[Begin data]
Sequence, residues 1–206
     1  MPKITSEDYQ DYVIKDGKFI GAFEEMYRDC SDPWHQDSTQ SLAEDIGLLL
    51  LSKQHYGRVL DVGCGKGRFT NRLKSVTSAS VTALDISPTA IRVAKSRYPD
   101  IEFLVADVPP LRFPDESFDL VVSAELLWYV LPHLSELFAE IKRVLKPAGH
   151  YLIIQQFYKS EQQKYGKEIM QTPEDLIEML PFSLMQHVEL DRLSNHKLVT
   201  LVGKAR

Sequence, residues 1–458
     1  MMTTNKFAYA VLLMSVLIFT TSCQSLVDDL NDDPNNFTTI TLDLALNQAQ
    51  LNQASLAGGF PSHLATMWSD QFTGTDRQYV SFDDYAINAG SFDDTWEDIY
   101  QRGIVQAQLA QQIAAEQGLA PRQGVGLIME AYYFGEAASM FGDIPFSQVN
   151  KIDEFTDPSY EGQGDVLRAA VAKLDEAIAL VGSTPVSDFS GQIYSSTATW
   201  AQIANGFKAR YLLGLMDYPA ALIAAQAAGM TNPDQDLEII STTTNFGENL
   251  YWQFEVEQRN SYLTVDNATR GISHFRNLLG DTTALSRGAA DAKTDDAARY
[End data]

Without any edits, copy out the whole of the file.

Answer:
Sequence, residues 1–206
     1  MPKITSEDYQ DYVIKDGKFI GAFEEMYRDC SDPWHQDSTQ SLAEDIGLLL
    51  LSKQHYGRVL DVGCGKGRFT NRLKSVTSAS VTALDISPTA IRVAKSRYPD
   101  IEFLVADVPP LRFPDESFDL VVSAELLWYV LPHLSELFAE IKRVLKPAGH
   151  YLIIQQFYKS EQQKYGKEIM QTPEDLIEML PFSLMQHVEL DRLSNHKLVT
   201  LVGKAR

Sequence, residues 1–458
     1  MMTTNKFAYA VLLMSVLIFT TSCQSLVDDL NDDPNNFTTI TLDLALNQAQ
    51  LNQASLAGGF PSHLATMWSD QFTGTDRQYV SFDDYAINAG SFDDTWEDIY
   101  QRGIVQAQLA QQIAAEQGLA PRQGVGLIME AYYFGEAASM FGDIPFSQVN
   151  KIDEFTDPSY EGQGDVLRAA VAKLDEAIAL VGSTPVSDFS GQIYSSTATW
   201  AQIANGFKAR YLLGLMDYPA ALIAAQAAGM TNPDQDLEII STTTNFGENL
   251  YWQFEVEQRN SYLTVDNATR GISHFRNLLG DTTALSRGAA DAKTDDAARY